We left Moab around 8:30am having gone 9 days on a single 85 gallon tank of water (a personal best for us) and having lots of wonderful memories of Utah. We had decided to give ourselves the extra day of travel in case we ran into any weather issues up north, and we headed out, sad to leave, but excited about spending the summer in Oregon. Since we wanted to travel as efficiently as possible, the first thing I did was look for a passport America full hookup park along our route. We needed to fully flush and rinse our tanks and do some cleaning, and I found one for $20 a night in Ogden, Utah.
As soon as we started heading north we were surprised by how much snow was left on the mountains. Lee ended up driving through the hilly areas (which had several steep grades) and I took the shift that went through Salt Lake City. Even though we hit the city before rush hour there was still quite a bit of traffic, and the stretch between Provo and Ogden was longer than I remembered, so I was pretty tired when we pulled into the park. Wasatch View Estates is a mobile home community that is in transition. We have seen several of these in our travels, where as long term tenants move out, their spaces are converted to RV spaces and although that is definitely not our favorite place to stay, for an overnight it got the job done. Lee was able to rinse our black tank several times and we luxuriated in having unlimited water and power.
The next day of travel would turn out to be a long one. The weather forecast had changed and they were expecting rain or maybe snow at Timothy Lake later in the week and we wanted to get there before that happened. We decided to push as far as we could with one long driving day and we took turns throughout the day and ate fast food to make our breaks shorter. Since many campgrounds weren’t open yet in Oregon, and there were no Passport America parks along our route I was really struggling to find us a place to stop for the night. We knew we were going to have a late check-in (around 8pm) and not all small, independent parks have a process for that, particularly out of season. I didn’t want to run the risk of pulling into a place that late and not having a place to stay, so after doing some research I finally broke down and paid the $47 (over the phone) for a spot in a KOA. Say what you would like about KOA’s, but they do answer the phone and when you make a reservation with them, it is honored.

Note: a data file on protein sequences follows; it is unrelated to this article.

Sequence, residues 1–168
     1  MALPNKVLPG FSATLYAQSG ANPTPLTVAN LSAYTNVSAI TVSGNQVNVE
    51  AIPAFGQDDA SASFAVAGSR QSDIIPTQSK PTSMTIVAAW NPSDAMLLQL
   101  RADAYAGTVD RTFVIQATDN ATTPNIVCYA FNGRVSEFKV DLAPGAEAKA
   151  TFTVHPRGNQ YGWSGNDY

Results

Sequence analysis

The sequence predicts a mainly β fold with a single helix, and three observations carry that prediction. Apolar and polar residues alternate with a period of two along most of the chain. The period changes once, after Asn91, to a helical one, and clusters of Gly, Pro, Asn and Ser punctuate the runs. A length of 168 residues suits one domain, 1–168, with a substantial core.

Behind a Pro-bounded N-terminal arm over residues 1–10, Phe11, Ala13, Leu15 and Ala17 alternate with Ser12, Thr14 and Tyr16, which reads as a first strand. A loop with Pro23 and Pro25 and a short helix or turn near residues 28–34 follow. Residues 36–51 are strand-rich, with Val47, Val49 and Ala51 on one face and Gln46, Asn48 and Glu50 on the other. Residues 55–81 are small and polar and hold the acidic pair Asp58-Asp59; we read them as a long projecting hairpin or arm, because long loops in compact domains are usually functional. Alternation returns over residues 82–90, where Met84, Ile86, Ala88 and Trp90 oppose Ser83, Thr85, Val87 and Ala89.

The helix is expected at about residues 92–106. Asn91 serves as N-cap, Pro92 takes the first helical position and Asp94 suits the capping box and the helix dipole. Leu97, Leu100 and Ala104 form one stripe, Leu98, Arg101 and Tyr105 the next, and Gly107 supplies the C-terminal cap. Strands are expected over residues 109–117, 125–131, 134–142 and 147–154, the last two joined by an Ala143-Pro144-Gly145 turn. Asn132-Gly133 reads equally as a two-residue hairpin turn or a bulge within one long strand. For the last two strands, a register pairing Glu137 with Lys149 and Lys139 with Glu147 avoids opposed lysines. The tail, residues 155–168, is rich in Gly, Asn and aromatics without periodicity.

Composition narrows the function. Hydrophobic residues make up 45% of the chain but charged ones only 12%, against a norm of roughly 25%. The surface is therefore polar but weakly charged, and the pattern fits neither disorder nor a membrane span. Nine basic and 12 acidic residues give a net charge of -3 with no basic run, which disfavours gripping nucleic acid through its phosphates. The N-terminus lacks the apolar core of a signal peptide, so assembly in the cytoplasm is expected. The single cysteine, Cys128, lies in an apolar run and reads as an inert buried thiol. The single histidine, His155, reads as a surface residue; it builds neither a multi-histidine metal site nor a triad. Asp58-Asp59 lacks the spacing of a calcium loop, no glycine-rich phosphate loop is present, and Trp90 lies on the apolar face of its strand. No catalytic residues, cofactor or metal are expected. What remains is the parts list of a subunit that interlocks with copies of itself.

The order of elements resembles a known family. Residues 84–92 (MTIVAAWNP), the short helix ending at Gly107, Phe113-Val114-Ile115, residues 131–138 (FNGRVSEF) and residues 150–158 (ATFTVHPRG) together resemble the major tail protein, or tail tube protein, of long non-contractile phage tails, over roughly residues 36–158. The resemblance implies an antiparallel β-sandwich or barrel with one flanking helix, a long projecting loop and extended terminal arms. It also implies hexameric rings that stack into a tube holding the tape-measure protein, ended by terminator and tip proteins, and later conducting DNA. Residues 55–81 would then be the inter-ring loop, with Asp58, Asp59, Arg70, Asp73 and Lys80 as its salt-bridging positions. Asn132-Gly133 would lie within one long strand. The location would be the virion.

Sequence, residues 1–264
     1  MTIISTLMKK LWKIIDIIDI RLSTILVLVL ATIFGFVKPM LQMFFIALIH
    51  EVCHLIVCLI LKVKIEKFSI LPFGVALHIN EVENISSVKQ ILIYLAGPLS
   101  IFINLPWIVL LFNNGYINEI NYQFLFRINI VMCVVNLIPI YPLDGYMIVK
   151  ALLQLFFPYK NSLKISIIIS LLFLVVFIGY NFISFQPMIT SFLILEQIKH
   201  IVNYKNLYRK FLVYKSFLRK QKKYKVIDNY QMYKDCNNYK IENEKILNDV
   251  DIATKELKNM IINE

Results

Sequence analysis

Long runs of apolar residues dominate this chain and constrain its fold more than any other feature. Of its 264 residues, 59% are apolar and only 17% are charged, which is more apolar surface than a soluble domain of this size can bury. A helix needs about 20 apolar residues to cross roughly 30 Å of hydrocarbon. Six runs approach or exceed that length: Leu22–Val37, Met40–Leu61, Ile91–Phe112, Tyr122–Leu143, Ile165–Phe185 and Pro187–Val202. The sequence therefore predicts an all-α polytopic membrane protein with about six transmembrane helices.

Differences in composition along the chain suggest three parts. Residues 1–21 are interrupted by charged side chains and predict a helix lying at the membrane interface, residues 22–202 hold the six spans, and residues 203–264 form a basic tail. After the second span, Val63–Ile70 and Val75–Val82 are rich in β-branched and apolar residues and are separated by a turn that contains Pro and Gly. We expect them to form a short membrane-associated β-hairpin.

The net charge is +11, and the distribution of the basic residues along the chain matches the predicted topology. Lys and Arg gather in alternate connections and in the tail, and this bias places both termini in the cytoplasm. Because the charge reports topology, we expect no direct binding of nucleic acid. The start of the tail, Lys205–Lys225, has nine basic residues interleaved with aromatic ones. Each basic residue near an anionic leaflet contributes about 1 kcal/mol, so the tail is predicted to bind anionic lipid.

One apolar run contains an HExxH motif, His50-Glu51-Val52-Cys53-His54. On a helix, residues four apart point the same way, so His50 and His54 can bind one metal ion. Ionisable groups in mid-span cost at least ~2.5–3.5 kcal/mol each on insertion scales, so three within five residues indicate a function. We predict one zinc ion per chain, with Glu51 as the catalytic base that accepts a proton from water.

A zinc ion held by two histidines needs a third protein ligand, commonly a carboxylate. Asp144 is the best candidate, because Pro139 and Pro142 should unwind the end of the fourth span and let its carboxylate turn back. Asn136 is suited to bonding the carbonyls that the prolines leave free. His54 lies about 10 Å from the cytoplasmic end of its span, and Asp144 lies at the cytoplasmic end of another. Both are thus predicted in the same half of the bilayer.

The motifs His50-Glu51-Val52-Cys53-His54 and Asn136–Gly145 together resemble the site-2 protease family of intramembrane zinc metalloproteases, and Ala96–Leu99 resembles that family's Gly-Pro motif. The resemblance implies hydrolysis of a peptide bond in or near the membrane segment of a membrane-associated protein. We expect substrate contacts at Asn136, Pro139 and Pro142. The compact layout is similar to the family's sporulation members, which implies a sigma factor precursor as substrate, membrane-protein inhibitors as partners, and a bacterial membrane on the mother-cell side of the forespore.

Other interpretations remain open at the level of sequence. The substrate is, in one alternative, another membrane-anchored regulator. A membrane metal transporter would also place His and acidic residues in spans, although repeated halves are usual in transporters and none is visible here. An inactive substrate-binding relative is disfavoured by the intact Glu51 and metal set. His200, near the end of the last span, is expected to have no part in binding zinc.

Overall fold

Towards the very end of the drive, I was taking a driving turn, and ran into a section of highway that was a 6 percent grade, with numerous curves for several miles, coming in to Pendleton. It had been a while since I drove on such a long steepgrade, but Lee talked me through it, I went very slow with my flashers on, and it turned out to be fine. I was still driving when we pulled into the campground, and we were both surprised by how packed it was. Thankfully our paperwork was on the board as promised, and they had also assigned us a pull through site as we requested, so it was relatively easy pulling into our spot for the night. We did the minimal setup and then fell into bed, both glad the long day was over.
The next day our travel schedule was much lighter, which was good because we needed to stop at the main office for the company we are working for and pick up keys to the gate at the campground. There was one long-time seasonal employee up at the campground, but they wanted to make sure we had our own keys to get in just in case there was a miscommunication. We both enjoyed the drive along the Columbia River and were pleased to see that despite the extensive fire last year, the area wasn’t gutted as I had feared. Yes, there were definitely patches along the road where the trees were burnt, but there was still a lot of green and we both felt a little bit like we were coming home as we enjoyed the view.